Superdrug set to roll out controversial Botox and lip fillers to more stores – despite experts warning of the dangers

SUPERDRUG is set to roll out Botox and lip fillers in another one of its stores – despite experts claiming the anti-ageing injects can cause "serious infection or paralysis" in some cases.

The shop announced yesterday the cosmetic procedures will be available in its Manchester Piccadilly branch.

It's currently only available at its London flagship unit, where it launched last August.

The health and beauty retailer came under fire after it announced its new Skin Renew Service, which offers customers anti-wrinkle and rejuvenation treatments including Botox and dermal fillers.

Superdrug will only be offering the service to those over 25 who have booked through their customer care line, not to people who walk in from the high street.

It will cost £99 for Botox and between £125 and £349 for fillers.

The announcement was made it was revealed clinics providing cosmetic procedures such as Botox and fillers are to check customers for mental health issues first.

Staff will be trained to spot body dysmorphic disorder — where people obsess over perceived flaws in their appearance.

Previously Superdrug defended their decision to introduce cosmetic surgery.

Caris Newson, head of Health and Wellbeing at Superdrug, said: "We know from our research among 10,000 customers that feeling confident about how you look is linked to a person’s wellbeing, and that’s different for all of us.

"For some it might mean having their eyebrows threaded or getting their nails done, for others taking new vitamins or getting fitter, or it might be about smoothing out fine lines.

"We’re launching this service in response to customer demand for anti-wrinkle and skin rejuvenation treatments.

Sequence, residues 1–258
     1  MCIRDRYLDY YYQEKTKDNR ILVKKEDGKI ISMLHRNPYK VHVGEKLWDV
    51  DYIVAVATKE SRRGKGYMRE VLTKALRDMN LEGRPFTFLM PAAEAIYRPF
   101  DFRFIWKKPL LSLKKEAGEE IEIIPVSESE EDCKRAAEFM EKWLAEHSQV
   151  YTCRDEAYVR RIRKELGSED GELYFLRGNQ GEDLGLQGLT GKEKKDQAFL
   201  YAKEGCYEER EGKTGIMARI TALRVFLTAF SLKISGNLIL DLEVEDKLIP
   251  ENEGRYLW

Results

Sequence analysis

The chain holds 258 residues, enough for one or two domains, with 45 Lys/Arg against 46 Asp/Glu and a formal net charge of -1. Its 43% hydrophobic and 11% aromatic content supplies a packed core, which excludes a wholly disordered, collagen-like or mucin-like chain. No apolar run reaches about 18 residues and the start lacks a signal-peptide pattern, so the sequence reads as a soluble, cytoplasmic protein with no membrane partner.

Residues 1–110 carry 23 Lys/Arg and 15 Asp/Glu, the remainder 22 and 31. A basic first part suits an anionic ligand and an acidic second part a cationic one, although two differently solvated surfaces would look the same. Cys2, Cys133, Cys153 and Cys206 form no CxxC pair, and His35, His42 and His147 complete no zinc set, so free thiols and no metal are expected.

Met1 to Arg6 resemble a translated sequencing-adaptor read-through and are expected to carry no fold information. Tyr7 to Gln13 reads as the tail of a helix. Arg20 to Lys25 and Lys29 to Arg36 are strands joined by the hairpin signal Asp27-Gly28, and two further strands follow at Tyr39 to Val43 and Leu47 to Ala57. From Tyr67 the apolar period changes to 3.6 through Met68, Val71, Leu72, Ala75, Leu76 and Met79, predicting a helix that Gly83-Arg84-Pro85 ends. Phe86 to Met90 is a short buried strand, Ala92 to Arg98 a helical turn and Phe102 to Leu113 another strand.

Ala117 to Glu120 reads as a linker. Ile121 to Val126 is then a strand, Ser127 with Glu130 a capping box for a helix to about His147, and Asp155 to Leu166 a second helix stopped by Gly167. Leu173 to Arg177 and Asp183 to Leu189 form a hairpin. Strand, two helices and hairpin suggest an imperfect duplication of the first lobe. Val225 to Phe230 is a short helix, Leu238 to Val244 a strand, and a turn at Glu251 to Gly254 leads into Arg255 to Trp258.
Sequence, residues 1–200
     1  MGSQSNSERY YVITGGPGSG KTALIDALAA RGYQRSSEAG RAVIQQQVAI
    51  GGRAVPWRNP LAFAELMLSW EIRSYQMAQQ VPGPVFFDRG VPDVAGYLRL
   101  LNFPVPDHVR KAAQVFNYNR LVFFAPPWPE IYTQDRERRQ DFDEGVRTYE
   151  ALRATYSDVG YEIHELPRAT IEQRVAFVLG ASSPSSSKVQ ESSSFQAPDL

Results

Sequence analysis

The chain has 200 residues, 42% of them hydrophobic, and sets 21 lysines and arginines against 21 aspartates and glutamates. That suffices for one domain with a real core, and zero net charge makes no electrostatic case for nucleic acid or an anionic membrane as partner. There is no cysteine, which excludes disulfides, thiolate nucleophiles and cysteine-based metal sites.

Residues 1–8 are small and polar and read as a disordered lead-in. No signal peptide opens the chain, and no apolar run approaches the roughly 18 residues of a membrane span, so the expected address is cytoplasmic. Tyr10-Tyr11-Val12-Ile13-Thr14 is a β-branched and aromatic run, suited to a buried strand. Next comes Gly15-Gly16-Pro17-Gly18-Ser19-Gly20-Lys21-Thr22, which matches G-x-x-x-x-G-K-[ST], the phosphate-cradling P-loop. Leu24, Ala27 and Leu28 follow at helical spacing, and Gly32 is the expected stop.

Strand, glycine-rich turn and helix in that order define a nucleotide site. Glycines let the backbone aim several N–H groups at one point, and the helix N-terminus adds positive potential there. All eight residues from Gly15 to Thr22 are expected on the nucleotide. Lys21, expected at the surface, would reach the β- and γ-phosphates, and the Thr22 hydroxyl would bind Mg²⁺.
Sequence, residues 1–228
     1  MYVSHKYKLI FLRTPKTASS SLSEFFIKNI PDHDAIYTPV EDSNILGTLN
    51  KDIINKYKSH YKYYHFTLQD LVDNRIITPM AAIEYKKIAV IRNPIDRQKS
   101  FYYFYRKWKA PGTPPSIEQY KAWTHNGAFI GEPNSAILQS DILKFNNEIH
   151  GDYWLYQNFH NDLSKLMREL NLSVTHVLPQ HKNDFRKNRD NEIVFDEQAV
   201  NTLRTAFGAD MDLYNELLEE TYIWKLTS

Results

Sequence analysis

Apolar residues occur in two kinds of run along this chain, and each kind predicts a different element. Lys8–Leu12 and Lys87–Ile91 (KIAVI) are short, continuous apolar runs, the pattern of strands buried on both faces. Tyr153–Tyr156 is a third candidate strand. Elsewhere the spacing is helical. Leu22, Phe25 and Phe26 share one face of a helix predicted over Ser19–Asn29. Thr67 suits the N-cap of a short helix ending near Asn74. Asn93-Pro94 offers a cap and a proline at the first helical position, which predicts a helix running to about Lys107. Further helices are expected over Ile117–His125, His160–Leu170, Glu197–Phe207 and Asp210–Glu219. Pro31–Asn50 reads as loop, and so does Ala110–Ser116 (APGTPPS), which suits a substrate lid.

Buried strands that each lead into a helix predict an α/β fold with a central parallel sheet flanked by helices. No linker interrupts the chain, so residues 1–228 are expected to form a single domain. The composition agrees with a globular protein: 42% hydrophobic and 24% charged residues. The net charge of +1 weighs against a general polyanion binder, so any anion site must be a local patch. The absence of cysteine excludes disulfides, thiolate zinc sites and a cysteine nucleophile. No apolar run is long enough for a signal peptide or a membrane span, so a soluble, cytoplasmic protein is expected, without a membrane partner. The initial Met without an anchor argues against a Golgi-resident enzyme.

"Our minimum age for this service is currently 25 years old and over to ensure that, when supported by a full clinical consultation, our customers are able to make the best decisions about engaging in aesthetic treatments."

Nurses will be "trained to the highest standard" to ensure customer safety, the company said, but experts from the British Association of Aethetic Plastic Sugeons (BAAPS) have warned against the the move.

"While Superdrug may be hiring medically trained nurses, it is crucial members of the public do not treat having Botox and dermal fillers as casual beauty treatments, like brow threading or waxing," consultant plastic surgeon Gerard Lambe said.

"Administering an injection of any kind is a very serious procedure and requires an experienced and qualified health professional.

"All kinds of risks can arise, from infection, to incorrectly applied needle placement over delicate facial muscles – which can lead to paralysis.

"Lip fillers are a real issue too and I often get women at my clinic needing corrective treatment following dangerously injected fillers."

Dr. Pixie McKenna, Superdrug’s ambassador, said: "Unfortunately in tandem with their increase in popularity we have seen an increase in the number of people claiming to be "expert" practitioners in the field.